"He'd beat me," Adams said. "He's stronger and more athletic."
Williams, who lost in the sectional finals to the same person who beat him in the regional finals (Bloomington's Stephon Rudicil), is responsible for Adams' tournament run.
"Everyone is trying to slam me because I'm so little," the 5-foot-6 Adams said. "Archie has been showing me how to not get thrown."
Williams returns to state with a different mantra than he held as a junior.
"Not be satisfied being there," he said.
His 8-5 championship-bout loss won't be a deterrent to his confidence.
"You don't have to win sectional to win state," said Williams, who is 37-2 this season.
Armetta had his way at 160, posting major decisions in the semifinals (15-5) and finals (14-3) after winning his sectional opener by pin.
"There's no reason to make a match close if you can beat 'em by more," Armetta said.
Ranked second in the state, Armetta polished off No. 10 Alex Vosburgh of Mount Vernon in the finals. He scored all four of the bout's takedowns and had two final-period near-falls.
"That match was one of my best, as far as how I performed," Armetta said.
He's not dwelling on the fact that this is his final chance for a state medal.
"I'm trying to make the most of my senior year," he said. "It's my fourth chance and I hope to capitalize, but it's not anything to worry about or be more stressed about than in the past."
Other area qualifiers are Centennial's Darren Wynn (second at 126 pounds), Champaign Central's Nate Volk (second at 152), Mahomet-Seymour's Tyler Moxley (fourth at 120) and Central's Brandon Klein (a freshman at 170).
Wynn posted one-point wins in the quarterfinals and semifinals. He had no difficulty handling the six-minute periods.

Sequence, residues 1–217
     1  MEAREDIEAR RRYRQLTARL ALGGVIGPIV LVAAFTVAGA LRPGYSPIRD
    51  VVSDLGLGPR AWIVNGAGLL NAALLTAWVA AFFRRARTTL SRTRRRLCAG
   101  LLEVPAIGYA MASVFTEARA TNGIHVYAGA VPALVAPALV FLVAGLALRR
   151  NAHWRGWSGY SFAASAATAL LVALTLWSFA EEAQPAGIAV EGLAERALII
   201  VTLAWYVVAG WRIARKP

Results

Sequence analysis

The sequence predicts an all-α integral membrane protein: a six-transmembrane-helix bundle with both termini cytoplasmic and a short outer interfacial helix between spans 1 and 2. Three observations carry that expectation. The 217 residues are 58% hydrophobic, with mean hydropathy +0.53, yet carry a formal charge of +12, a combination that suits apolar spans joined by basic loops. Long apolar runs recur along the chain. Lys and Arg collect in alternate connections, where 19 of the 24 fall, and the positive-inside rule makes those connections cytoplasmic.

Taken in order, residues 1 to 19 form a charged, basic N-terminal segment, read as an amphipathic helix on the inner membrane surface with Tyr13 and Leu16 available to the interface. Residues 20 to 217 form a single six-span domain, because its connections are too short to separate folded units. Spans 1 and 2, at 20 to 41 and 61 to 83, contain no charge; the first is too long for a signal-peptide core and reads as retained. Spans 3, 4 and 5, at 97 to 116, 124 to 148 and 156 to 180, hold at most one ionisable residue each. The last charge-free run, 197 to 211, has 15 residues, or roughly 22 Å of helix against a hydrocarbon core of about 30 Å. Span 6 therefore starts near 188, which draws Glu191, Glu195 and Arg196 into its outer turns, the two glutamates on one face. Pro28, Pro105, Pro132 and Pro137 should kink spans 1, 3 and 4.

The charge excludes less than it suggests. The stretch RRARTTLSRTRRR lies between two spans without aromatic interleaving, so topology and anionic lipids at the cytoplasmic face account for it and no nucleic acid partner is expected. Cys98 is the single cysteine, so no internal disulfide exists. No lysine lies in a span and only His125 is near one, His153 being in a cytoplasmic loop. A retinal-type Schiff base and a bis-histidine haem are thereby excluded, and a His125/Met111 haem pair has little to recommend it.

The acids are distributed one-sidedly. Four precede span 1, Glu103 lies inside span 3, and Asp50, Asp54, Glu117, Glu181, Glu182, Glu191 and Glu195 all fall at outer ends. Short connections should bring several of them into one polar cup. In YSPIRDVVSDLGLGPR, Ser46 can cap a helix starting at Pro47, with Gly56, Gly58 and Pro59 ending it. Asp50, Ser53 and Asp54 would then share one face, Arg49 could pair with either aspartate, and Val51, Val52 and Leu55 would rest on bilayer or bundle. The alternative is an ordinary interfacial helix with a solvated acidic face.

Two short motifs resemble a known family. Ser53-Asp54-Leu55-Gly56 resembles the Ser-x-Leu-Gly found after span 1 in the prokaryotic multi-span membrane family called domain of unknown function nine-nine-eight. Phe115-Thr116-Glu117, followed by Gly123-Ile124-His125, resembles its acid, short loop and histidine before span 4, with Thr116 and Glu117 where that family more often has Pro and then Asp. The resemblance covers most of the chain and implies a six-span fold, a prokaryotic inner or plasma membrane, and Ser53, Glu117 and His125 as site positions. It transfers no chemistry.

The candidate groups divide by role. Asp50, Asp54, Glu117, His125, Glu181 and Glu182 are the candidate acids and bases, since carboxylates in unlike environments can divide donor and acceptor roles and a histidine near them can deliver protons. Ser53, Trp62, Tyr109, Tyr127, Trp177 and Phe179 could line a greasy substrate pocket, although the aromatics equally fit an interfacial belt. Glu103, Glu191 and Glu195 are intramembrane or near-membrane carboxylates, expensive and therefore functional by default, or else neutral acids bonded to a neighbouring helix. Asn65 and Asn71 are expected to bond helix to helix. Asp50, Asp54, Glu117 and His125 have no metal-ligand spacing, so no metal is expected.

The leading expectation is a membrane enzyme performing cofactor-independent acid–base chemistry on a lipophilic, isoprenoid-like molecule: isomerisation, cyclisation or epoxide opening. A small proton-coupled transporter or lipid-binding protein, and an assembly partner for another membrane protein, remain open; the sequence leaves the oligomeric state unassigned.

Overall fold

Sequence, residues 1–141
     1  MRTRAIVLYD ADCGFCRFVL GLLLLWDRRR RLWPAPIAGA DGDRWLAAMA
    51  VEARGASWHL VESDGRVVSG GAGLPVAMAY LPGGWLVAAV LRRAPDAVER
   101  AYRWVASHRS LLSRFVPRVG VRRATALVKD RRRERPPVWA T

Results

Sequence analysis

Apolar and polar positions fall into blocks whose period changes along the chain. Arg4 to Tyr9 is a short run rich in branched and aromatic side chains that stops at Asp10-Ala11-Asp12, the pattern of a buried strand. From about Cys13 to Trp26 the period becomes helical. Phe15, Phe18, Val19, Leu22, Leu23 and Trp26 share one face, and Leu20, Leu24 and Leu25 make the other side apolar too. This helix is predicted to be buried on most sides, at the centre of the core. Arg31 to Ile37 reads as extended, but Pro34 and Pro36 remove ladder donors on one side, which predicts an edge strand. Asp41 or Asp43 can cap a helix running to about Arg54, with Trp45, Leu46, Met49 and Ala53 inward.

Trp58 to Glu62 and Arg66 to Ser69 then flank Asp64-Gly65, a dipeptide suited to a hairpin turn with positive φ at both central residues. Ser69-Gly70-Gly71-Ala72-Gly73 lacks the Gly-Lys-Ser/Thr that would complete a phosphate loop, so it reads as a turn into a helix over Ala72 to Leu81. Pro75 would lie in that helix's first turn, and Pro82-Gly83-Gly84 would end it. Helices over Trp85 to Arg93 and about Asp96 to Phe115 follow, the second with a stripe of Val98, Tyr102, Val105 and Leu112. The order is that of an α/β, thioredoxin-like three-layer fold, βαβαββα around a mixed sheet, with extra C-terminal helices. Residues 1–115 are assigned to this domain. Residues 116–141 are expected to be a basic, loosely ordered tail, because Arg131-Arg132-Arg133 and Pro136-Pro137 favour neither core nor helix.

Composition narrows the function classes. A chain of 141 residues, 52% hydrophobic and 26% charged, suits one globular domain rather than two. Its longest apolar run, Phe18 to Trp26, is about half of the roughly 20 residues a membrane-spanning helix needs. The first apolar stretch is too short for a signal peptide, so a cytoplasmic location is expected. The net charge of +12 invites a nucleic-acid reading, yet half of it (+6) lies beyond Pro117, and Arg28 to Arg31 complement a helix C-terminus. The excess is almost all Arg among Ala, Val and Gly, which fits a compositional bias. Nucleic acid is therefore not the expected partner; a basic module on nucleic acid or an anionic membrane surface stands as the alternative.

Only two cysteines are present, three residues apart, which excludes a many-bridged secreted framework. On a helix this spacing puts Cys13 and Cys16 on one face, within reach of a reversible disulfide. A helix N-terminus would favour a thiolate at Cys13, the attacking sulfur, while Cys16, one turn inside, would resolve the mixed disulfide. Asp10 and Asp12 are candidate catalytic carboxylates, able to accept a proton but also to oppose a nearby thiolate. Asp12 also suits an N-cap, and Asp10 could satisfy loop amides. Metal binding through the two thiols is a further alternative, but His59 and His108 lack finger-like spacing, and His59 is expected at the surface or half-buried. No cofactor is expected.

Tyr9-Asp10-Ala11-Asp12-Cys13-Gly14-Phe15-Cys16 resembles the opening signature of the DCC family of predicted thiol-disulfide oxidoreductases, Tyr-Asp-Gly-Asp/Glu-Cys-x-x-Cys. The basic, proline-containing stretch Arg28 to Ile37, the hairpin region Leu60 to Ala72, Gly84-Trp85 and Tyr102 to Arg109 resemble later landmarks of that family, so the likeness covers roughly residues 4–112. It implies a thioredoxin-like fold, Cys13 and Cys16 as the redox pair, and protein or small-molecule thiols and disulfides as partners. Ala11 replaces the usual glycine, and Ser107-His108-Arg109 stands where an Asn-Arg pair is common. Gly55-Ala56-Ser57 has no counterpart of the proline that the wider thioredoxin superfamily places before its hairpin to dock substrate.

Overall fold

"I run 20 minutes a day on a treadmill, after practice," he said. "Last year I fell short (of state), but this year I feel mentally and physically tougher. I feel I can compete."
The sixth-ranked Volk secured his third berth at state. He lost 8-4 to fourth-ranked David Frazier of Cahokia in the finals.
"It was a tough loss, but at that point I'd already made it to state," said Volk, who has a 37-3 season record.
"Any time you make it to state it's a big deal. Going three times is a good feeling."
Moxley, a junior, and Klein worked their way through wrestlebacks to continue their seasons at state.
"I praise God when I win and I praise God when I lose," said Moxley, who was 3-2 at sectionals to hit the 30-win mark for the year. "I knew it would be a tough road, but I had good support."
Klein (27-15) had an equally challenging route after losing in the first round. He survived elimination matches, which included a 4-2 overtime triumph and a 7-4 win in a bout tied during the final 10 seconds.
LeRoy shines. Second-ranked LeRoy qualified eight athletes for state, including four sectional champs: Devin Bulington (126), Justin Meyers (138), Josh Johnson (152) and Brad Simmons (220).
Gibson City-Melvin-Sibley/Fisher advanced three wrestlers, including 132-pound champion Chet McClure. Hoopeston Area's two qualifiers included 160-pound winner Robbie Irvin. Bismarck-Henning will have three representatives at state.
Dunn continues. Monticello's Luke Dunn (152) was the only area titlist, but two others (St. Joseph-Ogden's Kenny Lindsey, 195, and Argenta-Oreana's Aaron Ford, 220) lost three-overtime decisions in the finals. SJ-O will send four to state, Monticello three, A-O and Oakwood/Armstrong-Potomac one each.
Hawk advances. Prairie Central's Evan Bahler (fourth at 138) was the lone area qualifier.